Fall of France

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  • ‘Allied incompetence rather than German brilliance resulted in the fall of France and the Low Countries in the spring of 1940.’  Do you agree?
    • German Brilliance
      • Blitzkrieg.
        • The Maginot Line formed of hardened defenses was insufficient to absorb or blunt the lightning fast assault of Germany.
          • Blitzkrieg was able to divide the allied forces which prevented the British getting any reinforcement to the French. British forces were trapped by the German onslaught and had to retreat.
            • The Blitzkrieg attack sent the defending troops reeling. The roads overflowed with refugees fleeing the front. French and British troops rushing to the rescue were caught in the headlong retreat and pushed back
        • Hitler ordered a conquest of the Low Countries (the Netherlands, Belgium and Luxembourg) to be executed at the shortest possible notice. This would prevent France from occupying them first.
      • Luftwaffe
        • the Netherlands fell after a Luftwaffe bombing of Rotterdam on 14 May with thousands of 2,200-pound delay-action bombs, killing 980 people, destroying over 20,000 buildings, and left 78,000 people homeless
        • Rundstedt called for air support in the form of Stuka dive bombers and low-level bombers to clear the French lines.
          • accurate payloads with pinpoint precision along with its psychological screaming sirens
        • German aircraft sealed the battle areas and rendered French unable to deliver adequate quantities of men and supplies to the front lines.
          • The combined Allied total was 2,935 aircraft, about half the number of the German force.
        • Continuous attacks by day and harassing attacks at night by German aircraft sealed the battle areas and rendered French unable to deliver adequate quantities of men and supplies to the front lines.
      • The creative use of German airborne troops, delivered by parachutes and gliders.
      • Communication
        • All German tanks were equipped with radio to allow coordinated action on the battlefield, while only 20% of Allied tanks had them.
          • It allowed for last-minute changes in tactics and improvisations to be formed far more quickly than the allies could.
      • Commander freedom.
        • Germans allowed subordinates the maximum freedom to accomplish their assigned task.
          • That freedom of action provided tactical superiority over the more schematic and textbook approach employed by the French and English."
    • Allied Incompetence
      • WW1 legacy.
        • The fall of the Low Countries, particularly Belgium, provided the German army a northern entry into France, which the Allies had expected as a repeat of WW1 strategy. However, while the capture of the Low Countries were strategic in nature, the real intension of Army
          • the French infantry master of WW1 was completely unprepared for modern combat that involved aircraft and armor.
          • The French had fortified the Maginot Line thinking its where the Germans would attack, they lacked to see that they'd merely skirt round the north of it, through the Ardennes forest.
            • Group B was to pin the best of the French troops, along with the British Expeditionary Force, in and near Belgium while the main offensive made their thrust through the Ardennes into the heart of France.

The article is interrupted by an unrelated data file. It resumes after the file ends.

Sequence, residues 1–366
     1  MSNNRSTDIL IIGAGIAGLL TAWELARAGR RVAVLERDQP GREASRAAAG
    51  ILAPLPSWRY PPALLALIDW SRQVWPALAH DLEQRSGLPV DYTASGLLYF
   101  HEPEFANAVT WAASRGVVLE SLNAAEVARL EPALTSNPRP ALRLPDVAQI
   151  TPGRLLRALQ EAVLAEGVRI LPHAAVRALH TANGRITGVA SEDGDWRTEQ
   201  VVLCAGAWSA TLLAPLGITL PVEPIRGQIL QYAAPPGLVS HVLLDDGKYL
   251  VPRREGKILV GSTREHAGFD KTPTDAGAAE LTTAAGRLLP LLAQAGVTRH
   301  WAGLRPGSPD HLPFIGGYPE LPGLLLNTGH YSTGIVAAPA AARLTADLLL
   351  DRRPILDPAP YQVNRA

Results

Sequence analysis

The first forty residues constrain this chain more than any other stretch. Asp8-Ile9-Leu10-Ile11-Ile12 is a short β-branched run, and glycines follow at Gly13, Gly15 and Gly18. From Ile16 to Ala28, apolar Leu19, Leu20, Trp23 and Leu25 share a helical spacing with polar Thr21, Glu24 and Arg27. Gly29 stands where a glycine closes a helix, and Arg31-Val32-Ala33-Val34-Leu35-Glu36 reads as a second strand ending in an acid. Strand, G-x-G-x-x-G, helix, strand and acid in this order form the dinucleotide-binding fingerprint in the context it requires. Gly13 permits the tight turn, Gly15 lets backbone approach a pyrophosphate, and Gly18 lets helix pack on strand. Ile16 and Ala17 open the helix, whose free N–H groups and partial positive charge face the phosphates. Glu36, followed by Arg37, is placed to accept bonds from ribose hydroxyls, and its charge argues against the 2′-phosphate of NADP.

• Weak commanders
        • French Commander Gamelin failed to call for practices at the divisional level, meaning that French commanders were not as well-versed with manoeuvring large armies as they should be.
          • Worst of all, Gamelin's obsolete belief in the value of infantry led to his decision to sell off many artillery pieces and anti-tank guns that became desperately needed during the invasion.
          • German forces to dig in on the east bank of the river and wait for their own artillery pieces to arrive before attempting to cross; They managed to cross unmolested. the French infantry master of WW1 was completely unprepared for modern combat that involved aircraft and amor.
          • The French Army was undisciplined
            • large number of men over thirty and needed retraining after mobilization.
            • The Dutch were poorly equipped.
      • Lack of preparation or initiative.
        • An ardent anti-Nazi, sent a word of warning to the Dutch government through Colonel G. J. Sas of the Dutch embassy
          • The message, with the exact date for the invasion, was sent to the Hague via a courier on the next day.
            • None of the two countries decided to share the intelligence with Britain and France.
        • German troops built bridges (that the French and British air forces failed to destroy) and brought their tanks to the west bank of the Meuse
          • As the German tanks had advanced so rapidly, they began to run out of ammunition and fuel, they also were too far ahead of the infantry.
            • A well-timed French counterattack by tanks at this time could have wiped out German tanks completely, but the French were so deeply immersed by defeatism and shock that they did nothing.
      • Lack of reserves
        • With nearly no reserves left, France could do little to stop the German Army Group A from moving into the open central plains.
          • German troops moved in a northwesterly manoeuvre that trapped the Allied troops in and near the Low Countries. France was now essentially open for the taking.


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